If we took the hurdles that we observed in our own business, such as in procurement, finance, and technology, we realized that these were challenges for other healthcare providers as well. Therefore, we decided to create a platform that provides solutions for all participating pharmacies and hospitals. The aim was to eliminate fake medications from the supply chain, reduce the cost of drugs, and give pharmacists extra time back to help their patients.

BEA: What were some of the resources you leveraged when starting the business?

In the initial phase when we were launching, there were a lot of resources that we leveraged. First of all, both Bryan and I had previously launched startups, so we were able to draw on that experience for insights on how to plan a new enterprise, hire the right people, and identify which hypotheses to validate.

Bryan and I both put in money from our savings as the initial seed funding for the first pharmacy we launched. From there, we raised money primarily from friends and people with whom we’d worked.

BEA: How did you get your pre-seed funding?

Andrew Garza: We bootstrapped the first store. Then we raised funds to acquire five more stores. And then, we eventually pivoted to this new model of using technology to support healthcare providers – which we will extend overtime to directly supporting patients.

One of many interesting things for us on the fundraising side is that it’s a stage-gate model for startups – meaning that you start with a small amount of money to validate an initial hypothesis, and then you can access more and more financing as you gain evidence that the approach is having an impact.

You got some funding from the Next Innovation with Japan (NINJA) programme, how did you get in?

We have an investor called Kepple, which connects innovative startups on the Continent with corporates in Japan that want to collaborate with companies pursuing innovative technology. Kepple highlighted the opportunity to us, and we decided to apply. It was a competitive process, and we were excited to win the NINJA prize ultimately.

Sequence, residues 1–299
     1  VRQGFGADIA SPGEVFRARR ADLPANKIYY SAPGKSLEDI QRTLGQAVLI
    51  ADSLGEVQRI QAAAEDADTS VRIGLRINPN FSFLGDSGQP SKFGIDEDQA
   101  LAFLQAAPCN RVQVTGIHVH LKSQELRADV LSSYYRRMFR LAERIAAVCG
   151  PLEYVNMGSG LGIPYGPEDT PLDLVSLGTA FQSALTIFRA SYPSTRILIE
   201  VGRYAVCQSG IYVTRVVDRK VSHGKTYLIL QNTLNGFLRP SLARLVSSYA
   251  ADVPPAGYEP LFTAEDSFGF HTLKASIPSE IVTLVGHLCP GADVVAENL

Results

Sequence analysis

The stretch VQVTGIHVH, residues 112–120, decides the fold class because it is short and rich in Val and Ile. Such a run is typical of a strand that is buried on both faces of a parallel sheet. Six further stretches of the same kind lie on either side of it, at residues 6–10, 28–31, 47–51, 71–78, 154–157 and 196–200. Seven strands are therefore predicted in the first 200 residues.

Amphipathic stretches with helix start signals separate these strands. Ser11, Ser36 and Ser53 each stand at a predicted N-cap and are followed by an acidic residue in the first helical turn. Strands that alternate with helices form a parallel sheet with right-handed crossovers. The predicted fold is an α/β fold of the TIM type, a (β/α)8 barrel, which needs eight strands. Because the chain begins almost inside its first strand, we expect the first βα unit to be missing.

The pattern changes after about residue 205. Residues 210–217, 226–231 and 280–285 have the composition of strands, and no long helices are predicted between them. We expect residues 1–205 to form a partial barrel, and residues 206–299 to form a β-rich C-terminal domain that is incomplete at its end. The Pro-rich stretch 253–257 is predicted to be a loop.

BEA: What would you say was the winning strategy at NINJA?

Andrew Garza: Well, there were a few areas that they evaluated. First, they wanted to see the overall market size that we are pursuing. Is it large? Is it fast growing? Kind of a proxy as well for the question of potential patient impact.

Secondly, they wanted to know, we are addressing something where there’s a severe pain point for our customers. Thirdly, they wanted to know if our software was innovative and proprietary.

Lastly, they wanted to know about the team. Is it the right team to pursue this particular opportunity? So those are some of the things that they looked into.

BEA: Lifestores healthcare was already in business before the COVID-19 outbreak. What impact did it have on your business?

Andrew Garza: I remember very clearly, at the beginning of the COVID-19 pandemic, there was a time when the world didn’t know how dangerous it would be. How quickly would it spread?

At that moment, it felt like the world was holding its breath, and I know that the same was true in the six pharmacies we own. It was a time of high anxiety and a lot of planning to ensure everyone was safe– our team and our patients.

We perceived that healthcare providers have a big responsibility in that kind of health care emergency to give good information to the population and help people stay healthy. We channelled our services to help them achieve that.

BEA: What’s your advice for entrepreneurs?

Andrew Garza: I believe that before people start something, they ideally should have gained some experience in different functional areas, such as sales, finance, operations, and marketing; it’s much easier to lead a function if you’ve already had some exposure and know about it. Previous start-up experience is also helpful, since start-up work is often much faster-paced than corporate.

Secondly, you want to try and ensure that you have six to 12 months of money in your bank account before you quit a job to start something, in case it takes longer than you anticipated to get off the ground. It often takes a bit longer than you expect, and you don’t want to be distracted when you’re starting something by worrying about where your rent money will come from.

BEA: How do you deal with stress?

Andrew Garza: We all deal with it, and it’s undoubtedly inherent in the entrepreneurial journey. The biggest thing for me is trying to compartmentalise my time. It means that there’s one day every week, Sunday, that I completely take off work. I often spend the day with my fiancée doing something fun, like exploring a new part of the city.

Another way I manage this business stage is by having more defined roles, and responsibilities for different team members – what I mean by that is that in the early phase of a startup’s growth, you often have to do a bit of everything as the founder, but over time experienced managers can take on the leadership of various functions.I also like to exercise – it’s essential to have something you can do to relieve stress physically.